If you are heading east on I-10 on your way out, there is the mandatory stop at Dateland, just east of Wellton, for a freshly made date shake.

Travel Notes:  Required free permits to enter the Cabeza Prieta and Goldwater Range are available at the Fish and Wildlife office in Ajo, AZ or may be obtained by calling (520) 387-6483.

A second vehicle in your party is recommended, as there is no cell phone service in the area and the cost of towing or vehicle repair can significantly cut into your life savings.  Make sure you fill up with gas before heading into the region, and carry extra water.

Fall, Winter and Spring are the ideal times for a visit, as summer temperatures commonly soar above 115°.

The wildlife out here exists on the edge and is dependent on the few tanks (water holes) in the area.  Don’t camp near these water sources and avoid approaching and stressing them at any time.

Trips | Trips

Mt Wrightson’s Quiet Side

by Dave Baker Wednesday, March 24th 2010

I would guess that Mt Wrightson’s summit receives a thousand or more visits annually, and for good reason. The Mt Wrightson Wilderness is a worthy attraction with its diverse landscapes, plentiful wildlife, and rich mining history. The views from Mt Wrightson’s summit and the surrounding high ridges are some of the best in southern Arizona. The vast majority of visits to Wrightson originate from popular and conveniently accessed Madera Canyon.

Mt Wrightson east side

Mt Wrightson from Gardner Canyon Rd

A far less-traveled option is to approach the east side of the range using the un-paved Gardner Canyon Rd. Various dirt roads branch off Gardner Canyon Rd, heading to the edges of the Mt Wrightson Wilderness, and a nice network of trails offer many hiking possibilities.

One of my favorite of these hikes is an 11 mile loop that leaves the road’s end in Cave Canyon, climbs to Florida Saddle, traverses the Crest Trail to the base of Mt Wrightson’s summit dome, and finally drops down the Gardner Trail to close the loop.

Log bench

Trail-side seating in Cave Canyon

Find the Cave Canyon trailhead (31.70994 N, 110.79898 W, WGS84), by driving Arizona Highway 83 to the junction with Gardner Canyon Rd about 21.5 miles south of I-10 (four miles north of Sonoita) and turn west. Drive Gardner Canyon Rd until a junction is reached with a sign directing you to continue straight to “Cave Can. Trail”. The trail leaves the end of the dirt road in Cave Canyon. The last mile or two of the road requires a high clearance vehicle, though not 4 wheel drive.

Walk west from the trailhead for about 0.2 miles to a junction (31.70906 N, 110.80197 W, WGS84) where you veer right onto an un-signed 2-track road which quickly swings west up Cave Creek. The 2-track soon gives way to a hiking trail which climbs smartly to Florida Saddle. From Florida Saddle head west, then south following the Crest Trail to Baldy Saddle.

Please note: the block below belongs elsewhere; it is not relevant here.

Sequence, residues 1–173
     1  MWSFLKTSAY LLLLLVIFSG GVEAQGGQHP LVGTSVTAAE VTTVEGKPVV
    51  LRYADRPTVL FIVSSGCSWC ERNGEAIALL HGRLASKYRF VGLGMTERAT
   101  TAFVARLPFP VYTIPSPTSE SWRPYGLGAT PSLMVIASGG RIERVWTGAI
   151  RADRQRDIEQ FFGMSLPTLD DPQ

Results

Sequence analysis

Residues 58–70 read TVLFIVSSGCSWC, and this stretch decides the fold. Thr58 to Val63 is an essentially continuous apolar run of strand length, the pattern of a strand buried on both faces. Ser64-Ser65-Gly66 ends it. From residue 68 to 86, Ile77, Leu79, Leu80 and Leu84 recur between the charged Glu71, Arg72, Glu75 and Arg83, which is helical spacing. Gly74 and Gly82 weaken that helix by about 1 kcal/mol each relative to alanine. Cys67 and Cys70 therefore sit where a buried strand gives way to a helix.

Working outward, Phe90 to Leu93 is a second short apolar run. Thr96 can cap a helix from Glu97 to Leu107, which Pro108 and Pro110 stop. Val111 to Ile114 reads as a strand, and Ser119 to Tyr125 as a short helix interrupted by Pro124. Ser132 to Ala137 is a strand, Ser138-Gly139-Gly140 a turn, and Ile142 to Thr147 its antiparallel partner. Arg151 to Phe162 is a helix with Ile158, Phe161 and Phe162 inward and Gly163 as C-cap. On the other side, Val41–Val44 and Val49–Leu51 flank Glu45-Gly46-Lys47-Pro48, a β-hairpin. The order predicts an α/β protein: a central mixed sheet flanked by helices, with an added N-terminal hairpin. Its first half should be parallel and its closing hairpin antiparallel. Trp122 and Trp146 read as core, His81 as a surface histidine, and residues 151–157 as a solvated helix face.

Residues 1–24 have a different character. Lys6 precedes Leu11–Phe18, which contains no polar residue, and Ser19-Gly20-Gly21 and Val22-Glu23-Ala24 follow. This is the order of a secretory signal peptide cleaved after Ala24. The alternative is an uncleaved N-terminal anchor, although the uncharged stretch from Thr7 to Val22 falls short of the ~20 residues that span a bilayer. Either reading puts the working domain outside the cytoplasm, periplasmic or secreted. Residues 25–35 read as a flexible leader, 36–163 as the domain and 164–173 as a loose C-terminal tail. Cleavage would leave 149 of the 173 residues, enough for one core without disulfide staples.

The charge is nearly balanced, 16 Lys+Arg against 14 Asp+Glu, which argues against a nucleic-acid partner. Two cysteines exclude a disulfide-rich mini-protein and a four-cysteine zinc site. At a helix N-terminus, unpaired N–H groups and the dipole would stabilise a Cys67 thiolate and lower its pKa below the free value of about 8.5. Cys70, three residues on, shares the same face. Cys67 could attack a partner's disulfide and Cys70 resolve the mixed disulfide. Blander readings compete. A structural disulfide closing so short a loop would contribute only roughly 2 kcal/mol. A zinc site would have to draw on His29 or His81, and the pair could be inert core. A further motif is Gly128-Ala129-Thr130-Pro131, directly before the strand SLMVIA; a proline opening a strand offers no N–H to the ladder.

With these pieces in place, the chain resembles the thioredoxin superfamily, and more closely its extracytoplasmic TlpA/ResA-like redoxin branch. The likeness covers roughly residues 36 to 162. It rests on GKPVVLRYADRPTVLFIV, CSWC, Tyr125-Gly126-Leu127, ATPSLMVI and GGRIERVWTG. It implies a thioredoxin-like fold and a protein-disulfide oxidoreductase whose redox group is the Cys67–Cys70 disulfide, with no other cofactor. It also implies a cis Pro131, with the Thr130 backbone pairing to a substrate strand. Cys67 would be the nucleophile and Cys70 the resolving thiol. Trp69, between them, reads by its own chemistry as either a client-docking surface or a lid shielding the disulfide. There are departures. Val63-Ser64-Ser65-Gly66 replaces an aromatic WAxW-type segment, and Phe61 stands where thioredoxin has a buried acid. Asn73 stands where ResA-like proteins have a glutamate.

Cave Canyon

Cave Creek viewed from the Crest Trail

Feeling good? If so, you may decide to make the 1.8 mile trip from Baldy Saddle up to the top of Mt Wrightson and back before completing the loop.

Back at Baldy Saddle, find the Super Trail and walk it for about 0.7 miles to a metal sign marking the junction with the Gardner Trail. Due to fire damage, the first mile or so of the Gardner Trail is quite difficult to stay on and adding to the challenge, I found that the trail alignment indicated on the USGS Mt Wrightson quad is not accurate for part of this section! Lower down, the trail becomes far easier to follow as you approach the junction with Walker Basin Trail #136. Past this junction stay on the Gardner Trail for another 2 miles or so to the Cave-Gardner Cutoff Trail. Turn left (north) here, walk down into Cave Canyon, and back to your waiting vehicle.

Fire damaged section of Gardner Trail

Fire damaged section of Gardner Trail

Season: Fall and spring preferred. Winter snow and slippery ice can impede or halt progress altogether at the high elevations, especially on the summit dome of Mt Wrightson. During summer months this hike can be very hot in the lower elevations, so early starts and an ample supply of water are recommended.

Water: Bring plenty of your own. Seasonal water might be found in Cave Creek and Gardner Canyon, or at Baldy Spring. If you are able to collect water, purification is recommended before using.